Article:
When the University of Virginia selected her as its next Director of Athletics, the significance of the choice was not lost on Carla Williams. Williams is the first female African-American athletics director at a Power Five conference institution and is the fifth active female athletics director at that level.
While her appointment is historic, however, she does not see that as the lone defining characteristic of her hire. She emphasized that hard work, preparation, and service are the traits that brought her to the top of a Power Five athletics department with the opportunity to create history as a result.
“Lastly, I do understand and appreciate the historic nature of me being named athletics director at The University of Virginia,” Williams said in her prepared remarks. “I have served as a role model throughout my career as a student-athlete, as a coach and as an administrator. I take great pleasure in serving others. I will continue to be a role model to help others reach their goals. For anyone who aspires to be in this position, it does not matter if you are black or white, male or female, if you aspire to be in this role one day, the most important thing you need to know is I am the athletics director at The University of Virginia because I have always done more than what was expected of me.”
“I have pushed myself to earn advanced degrees,” she continued. “I made it a point to get experience in every area of intercollegiate athletics. I believe no job or responsibility within athletics is too small, and no one person is too big. I have played, coached, and managed at the highest levels of the NCAA, and, yes, I am an African-American female. I see that every morning when I wake up and look in the mirror. (smiles) Dreams do not know categories. Dreams do not know genders or colors. I am living proof that anything is possible if you have the nerve and the imagination to believe it can happen.”
Williams’ preparation for her first job as the head of a college athletics department comes from experience. She played basketball at Georgia and professionally before joining the Bulldogs’ coaching staff. In that role, she helped the program reach the Final Four and play in the National Championship game. With an eye on a future in administration, however, she left the coaching ranks. That led to administrative roles at Florida State, Vanderbilt, and Georgia from 1996 through the present.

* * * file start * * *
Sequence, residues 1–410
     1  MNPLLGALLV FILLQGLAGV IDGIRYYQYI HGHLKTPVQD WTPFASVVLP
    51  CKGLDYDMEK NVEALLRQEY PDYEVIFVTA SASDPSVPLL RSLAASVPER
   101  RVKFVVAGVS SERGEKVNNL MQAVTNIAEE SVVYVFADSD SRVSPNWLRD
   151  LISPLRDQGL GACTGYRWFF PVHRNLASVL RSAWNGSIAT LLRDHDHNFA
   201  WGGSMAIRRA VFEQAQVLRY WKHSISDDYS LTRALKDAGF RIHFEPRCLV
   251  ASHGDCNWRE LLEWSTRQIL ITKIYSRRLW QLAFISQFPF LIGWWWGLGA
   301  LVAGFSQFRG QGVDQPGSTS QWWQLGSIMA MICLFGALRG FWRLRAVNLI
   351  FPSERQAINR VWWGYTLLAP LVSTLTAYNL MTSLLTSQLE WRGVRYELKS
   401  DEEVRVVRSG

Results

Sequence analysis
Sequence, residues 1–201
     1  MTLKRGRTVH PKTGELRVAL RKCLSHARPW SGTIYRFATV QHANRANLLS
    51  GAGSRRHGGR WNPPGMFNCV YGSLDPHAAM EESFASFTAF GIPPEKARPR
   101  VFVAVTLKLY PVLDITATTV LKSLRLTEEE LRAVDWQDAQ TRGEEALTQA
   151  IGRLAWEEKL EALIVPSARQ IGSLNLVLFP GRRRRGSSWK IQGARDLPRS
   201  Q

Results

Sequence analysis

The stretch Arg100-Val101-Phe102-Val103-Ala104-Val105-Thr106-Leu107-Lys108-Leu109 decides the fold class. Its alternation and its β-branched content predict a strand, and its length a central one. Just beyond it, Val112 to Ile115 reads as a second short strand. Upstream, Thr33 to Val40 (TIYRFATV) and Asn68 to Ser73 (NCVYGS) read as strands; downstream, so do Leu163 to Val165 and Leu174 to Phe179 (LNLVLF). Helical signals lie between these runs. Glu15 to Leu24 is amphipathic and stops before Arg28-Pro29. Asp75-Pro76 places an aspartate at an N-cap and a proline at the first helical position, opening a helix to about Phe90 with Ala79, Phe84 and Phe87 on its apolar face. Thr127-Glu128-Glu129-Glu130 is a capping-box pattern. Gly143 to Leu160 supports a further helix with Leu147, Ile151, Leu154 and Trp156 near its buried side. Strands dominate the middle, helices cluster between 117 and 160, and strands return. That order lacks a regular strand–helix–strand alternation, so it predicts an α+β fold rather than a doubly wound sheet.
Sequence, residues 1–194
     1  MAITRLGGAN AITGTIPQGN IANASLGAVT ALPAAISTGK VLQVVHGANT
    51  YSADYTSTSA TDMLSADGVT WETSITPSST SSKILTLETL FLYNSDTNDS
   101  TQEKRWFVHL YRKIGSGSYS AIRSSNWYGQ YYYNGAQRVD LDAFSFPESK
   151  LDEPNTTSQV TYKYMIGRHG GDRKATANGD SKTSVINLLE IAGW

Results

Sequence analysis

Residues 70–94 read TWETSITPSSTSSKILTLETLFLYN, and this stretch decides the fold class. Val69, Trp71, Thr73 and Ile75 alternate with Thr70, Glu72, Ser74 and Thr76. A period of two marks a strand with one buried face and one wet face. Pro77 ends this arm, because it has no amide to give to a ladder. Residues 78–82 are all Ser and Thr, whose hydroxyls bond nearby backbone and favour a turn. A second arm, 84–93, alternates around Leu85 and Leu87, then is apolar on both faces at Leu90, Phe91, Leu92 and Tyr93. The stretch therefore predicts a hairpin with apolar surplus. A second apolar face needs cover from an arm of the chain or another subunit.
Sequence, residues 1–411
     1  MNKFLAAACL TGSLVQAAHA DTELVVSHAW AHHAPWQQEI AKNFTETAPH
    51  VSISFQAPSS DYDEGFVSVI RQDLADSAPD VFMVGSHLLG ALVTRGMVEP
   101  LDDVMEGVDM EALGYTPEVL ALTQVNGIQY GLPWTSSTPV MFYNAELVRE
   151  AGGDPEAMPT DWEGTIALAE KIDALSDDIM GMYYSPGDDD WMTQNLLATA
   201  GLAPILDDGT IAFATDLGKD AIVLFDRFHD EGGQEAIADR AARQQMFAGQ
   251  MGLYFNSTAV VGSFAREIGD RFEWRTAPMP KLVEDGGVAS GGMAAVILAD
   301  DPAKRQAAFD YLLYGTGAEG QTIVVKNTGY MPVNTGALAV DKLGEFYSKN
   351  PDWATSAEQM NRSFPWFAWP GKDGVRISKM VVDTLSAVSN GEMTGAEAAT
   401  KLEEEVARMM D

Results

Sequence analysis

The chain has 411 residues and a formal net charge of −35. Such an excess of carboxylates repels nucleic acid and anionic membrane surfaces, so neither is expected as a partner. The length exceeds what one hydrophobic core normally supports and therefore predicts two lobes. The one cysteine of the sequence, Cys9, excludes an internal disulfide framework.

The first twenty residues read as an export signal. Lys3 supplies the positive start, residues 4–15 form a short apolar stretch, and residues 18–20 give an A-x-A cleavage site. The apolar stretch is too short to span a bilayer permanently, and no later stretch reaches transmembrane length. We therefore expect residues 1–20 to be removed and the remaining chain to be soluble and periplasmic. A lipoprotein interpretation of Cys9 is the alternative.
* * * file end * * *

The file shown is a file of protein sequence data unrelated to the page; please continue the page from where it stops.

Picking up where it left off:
She comes to Virginia, of course, from Georgia where she held a variety of roles as Georgia’s deputy director of athletics. She was responsible for the day-to-day operations of the department and its $127 million budget. She worked as the administrator with oversight for football and women’s basketball. She also worked with supervisory responsibility for academic support services, business operations, compliance, and more. She worked as a liaison between athletics and the president’s office and provost’s office as well. She held other roles as well.
Over the course of her career, Williams has administrative experience with each varsity sport sponsored by Virginia with the exceptions of field hockey, rowing, squash, and wrestling. That wide-ranging understanding of sports and coaching combined with her work in administration eventually made her the leading candidate for the job.
“She has deep experience but also broad experience, having worked at three major universities. Altogether she has more than 30 years of experience in intercollegiate athletics, as a student-athlete, coach, and senior administrator,” outgoing Virginia President Teresa Sullivan said in her prepared remarks introducing Williams. “Education is a priority for Carla, as demonstrated by her multiple academic degrees and her dedication to the academic achievement of student-athletes. She’s committed to the success of every varsity sport, and this is a perfect fit for UVA, where we’re committed to broad success across sports programs. She also has experience with one of the nation’s top football programs. Perhaps most importantly, Carla is committed to the values we promote at this University. She believes in the principle of ‘Uncompromised Excellence,’ and she’s committed to upholding the high standards we have at UVA.”
While experience became part of what attracted the search committee to Williams, the closing factor was her understanding of what UVA wants athletics to look like. Virginia’s branding of itself with “Uncompromised Excellence” is a reference to the desire to be an elite University in both academics and athletics. The school expects its student-athletes to invest and embrace the opportunities on both sides of that fence.
Initially, that led some outside observers and even some members of the search committee to weight previous ties to the University significantly. While no names were mentioned as official candidates, some people that would fit that consideration would be the likes of Val Ackerman of the Big East and Boo Corrigan of Army. Both spent significant time around the University prior to their professional career paths.
In the end, the committee believed that Williams understood what made those previous ties attractive in the first place.
“Oftentimes we’ll say, well, we want someone who has tremendous experience with the University of Virginia. That is simply a proxy for the thing that is the most distinguishing feature about this University, which is a student experience,” UVA Rector Rusty Conner said in his prepared remarks. “And I started out in there thinking we need to find someone who knows the University, has been part of the University, or somehow understands who we are. As we progressed, we realized that we found someone who does value the student experience and whose passion is making each student the success that he or she can be. Not only on the playing field, but in the classroom as well. In fact, we found that a person who is so passionate about this, and whose focus has been on academic excellence, on developing leadership skills and on dealing with engagement with the community in a way that we can learn an awful lot from. So when we say we need to find someone who knows the University, I think we found someone who simply does know the University, and who is going to teach us and be accretive to our culture.”